Cruising & Sailing Information

Back to Nature: Observing Marine Life When Boating

"Whether you boat on fresh water or on the ocean, there is a lot of marine life to observe and appreciate. We boat in the Pacific Northwest off the west coast around the islands and straits of the Pacific Ocean. The sea life here is exceptional. Following are some of our wonderful experiences."

One of the most powerful sights is that of large pods of Orca whales, or Killer whales as they are often referred to, as they migrate off the coast. Sometimes there can be several in these pods including mother whales and their babies. Orca whales are quite beautiful to see. Their black and white bodies glisten in the sunlight each time they appear near the water surface or do a breach jump. Usually the babies follow their mothers. It is quite possible to watch them for hours without getting tired.

Boaters must be careful and remain a respectable distance from the whales, as most whales are endangered. You do not want to interfere with their normal migration routes and movements. It is possible to see Orca whales up close in captivity, and they are splendid animals. But when you can actually see them in their normal environment in the ocean, it is magnificent. How fortunate we are to be able to go boating for a few days and have them entertain us along the way.

Another sea mammal that I always enjoy watching is the dolphin or the porpoise. They too can be found off the west coast. These mammals are so sleek and they can swim at very fast speeds. As they jump and slice through the surface of the water they are quite entertaining. Most people have seen dolphins in action at the various aquariums around the world. Well they do the same in the wild. They make me laugh. I think that they actually enjoy an audience!

Living in the Pacific North West, we are very aware of the salmon industry. When boating, there are many small fishing boats out with their nets during the fisheries openings for the various kinds of salmon. It is fun to watch them jump. Seals are also very good fishermen. You can be sure that when the salmon are plentiful around the mouths of the large rivers, you will see a lot of seals. They love to fish for salmon, much to the chagrin of the commercial fishermen. They can be seen swimming through the waters, or sunning themselves on large logs or rocky outcroppings along the shoreline. The bark of a seal is loud and comical to hear and they are another creature that can entertain west coast boaters.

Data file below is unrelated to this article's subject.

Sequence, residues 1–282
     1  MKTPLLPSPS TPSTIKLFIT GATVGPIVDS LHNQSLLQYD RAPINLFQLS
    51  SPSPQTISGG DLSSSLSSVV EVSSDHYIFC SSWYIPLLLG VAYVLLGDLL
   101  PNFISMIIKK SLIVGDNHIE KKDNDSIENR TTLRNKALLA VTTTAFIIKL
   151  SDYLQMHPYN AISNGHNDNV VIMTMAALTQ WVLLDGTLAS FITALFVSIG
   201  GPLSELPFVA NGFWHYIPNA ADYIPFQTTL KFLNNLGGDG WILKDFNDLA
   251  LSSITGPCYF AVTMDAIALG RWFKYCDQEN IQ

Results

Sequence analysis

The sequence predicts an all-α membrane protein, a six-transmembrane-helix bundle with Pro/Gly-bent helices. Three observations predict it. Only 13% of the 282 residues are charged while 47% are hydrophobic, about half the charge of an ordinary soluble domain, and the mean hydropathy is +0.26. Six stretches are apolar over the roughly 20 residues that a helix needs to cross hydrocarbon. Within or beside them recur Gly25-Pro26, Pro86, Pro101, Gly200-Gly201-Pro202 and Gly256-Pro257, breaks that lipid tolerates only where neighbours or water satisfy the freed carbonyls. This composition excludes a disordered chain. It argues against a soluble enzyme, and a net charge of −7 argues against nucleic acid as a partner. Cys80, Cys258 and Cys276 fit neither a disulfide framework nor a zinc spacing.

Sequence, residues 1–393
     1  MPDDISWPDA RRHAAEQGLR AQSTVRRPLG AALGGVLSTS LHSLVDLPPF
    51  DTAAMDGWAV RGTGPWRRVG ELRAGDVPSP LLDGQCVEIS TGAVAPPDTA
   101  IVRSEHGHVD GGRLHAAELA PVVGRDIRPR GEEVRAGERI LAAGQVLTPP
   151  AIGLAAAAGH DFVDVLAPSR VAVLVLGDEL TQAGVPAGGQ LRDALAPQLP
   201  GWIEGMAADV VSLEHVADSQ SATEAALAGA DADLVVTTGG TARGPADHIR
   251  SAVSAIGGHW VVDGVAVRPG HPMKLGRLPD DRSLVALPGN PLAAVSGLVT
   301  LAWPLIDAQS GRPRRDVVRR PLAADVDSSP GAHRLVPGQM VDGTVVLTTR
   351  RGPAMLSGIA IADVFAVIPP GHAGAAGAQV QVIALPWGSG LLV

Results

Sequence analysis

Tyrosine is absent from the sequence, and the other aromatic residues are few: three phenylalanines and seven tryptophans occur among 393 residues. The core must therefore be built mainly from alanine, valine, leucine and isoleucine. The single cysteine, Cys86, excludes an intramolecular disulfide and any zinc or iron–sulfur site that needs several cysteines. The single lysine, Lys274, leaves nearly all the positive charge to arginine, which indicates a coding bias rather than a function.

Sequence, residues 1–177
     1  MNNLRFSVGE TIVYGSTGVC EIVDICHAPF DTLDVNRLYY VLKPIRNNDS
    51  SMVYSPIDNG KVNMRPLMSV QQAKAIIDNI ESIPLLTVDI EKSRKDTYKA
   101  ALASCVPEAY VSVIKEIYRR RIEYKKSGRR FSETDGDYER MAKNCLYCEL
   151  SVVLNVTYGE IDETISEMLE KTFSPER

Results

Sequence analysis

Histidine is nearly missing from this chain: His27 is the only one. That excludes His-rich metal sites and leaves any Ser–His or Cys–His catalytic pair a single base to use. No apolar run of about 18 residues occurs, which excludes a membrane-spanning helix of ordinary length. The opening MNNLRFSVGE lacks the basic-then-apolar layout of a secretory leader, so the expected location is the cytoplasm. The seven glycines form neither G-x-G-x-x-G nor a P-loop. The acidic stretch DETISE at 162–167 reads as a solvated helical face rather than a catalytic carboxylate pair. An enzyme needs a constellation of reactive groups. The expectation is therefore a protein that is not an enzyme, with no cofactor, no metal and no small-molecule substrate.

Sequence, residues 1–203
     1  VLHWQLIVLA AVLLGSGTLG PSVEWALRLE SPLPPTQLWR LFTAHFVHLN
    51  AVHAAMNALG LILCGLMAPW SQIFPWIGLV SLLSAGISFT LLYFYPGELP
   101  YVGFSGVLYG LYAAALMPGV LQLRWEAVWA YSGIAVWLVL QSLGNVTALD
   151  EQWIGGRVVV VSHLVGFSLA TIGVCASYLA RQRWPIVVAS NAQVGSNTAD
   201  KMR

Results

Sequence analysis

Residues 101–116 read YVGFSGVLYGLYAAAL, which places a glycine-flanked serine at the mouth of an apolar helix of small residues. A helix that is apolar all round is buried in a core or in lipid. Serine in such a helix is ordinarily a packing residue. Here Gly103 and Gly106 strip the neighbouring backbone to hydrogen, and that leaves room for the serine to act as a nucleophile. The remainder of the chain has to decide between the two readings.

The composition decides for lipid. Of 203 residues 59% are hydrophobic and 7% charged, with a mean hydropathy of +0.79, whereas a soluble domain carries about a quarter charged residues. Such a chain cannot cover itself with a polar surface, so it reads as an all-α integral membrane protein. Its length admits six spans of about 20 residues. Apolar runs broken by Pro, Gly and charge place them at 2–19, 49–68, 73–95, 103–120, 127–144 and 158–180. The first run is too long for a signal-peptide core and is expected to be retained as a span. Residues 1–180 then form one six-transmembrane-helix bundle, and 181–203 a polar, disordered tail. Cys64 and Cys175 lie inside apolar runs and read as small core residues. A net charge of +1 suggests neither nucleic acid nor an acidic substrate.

When the salmon are running, you will find another fisherman, one with wings. There are many Bald Eagles on the west coast and they also enjoy a good salmon dinner. These are very majestic birds. Their soaring overhead is something to be marvelled at. The black and white features really stand out against the sky as they glide and then swoop down for a fish.

Sea otters can sometimes be seen around large beds of kelp. In particular I have seen many when boating in our Bayliner, off the coastline from British Columbia to California. These sea creatures are very timid, so you must give them space. They love to float on their backs and eat sea urchins or play in the water, rolling over and over. Often you can see them playing in pairs. Sea otters are my husband's favorite sea mammals. He loves to watch them play. They really are very cute. If you have watched them, I'm sure you will agree.

As well as these mammals, the coast offers wonderful creatures that attached themselves to the rocks and driftwood or coral. Sea anemones are absolutely beautiful, as are the many colored starfish. Anenomes are found in white, pale green and soft pinks with large fluffy plumes. Starfish are found in ranges of bright orange to deep purple. They can be very tiny and fragile or very large. Some measure several inches across. Sea cucumbers, barnacles, sand dollars, oysters, mussels and crabs are all found along the coastline. I love to walk on docks at marinas when the tide is out and see some of these shell fish in tiny pools of water. You can often get up quite close to see them better.

All in all we are very fortunate in this area to be able to see so many creatures. Many of which are not seen by most people around the world. They enhance our environment and our boating experiences. It is important that we remember to respect all of these creatures in their natural environments, so as not to interfere with nature's course.

Valerie Giles owns and operates Boats, Anchors and More a boating resource site featuring boat accessories, fishing lure manufacturers and inflatable boats. Everything you need for the boating season.


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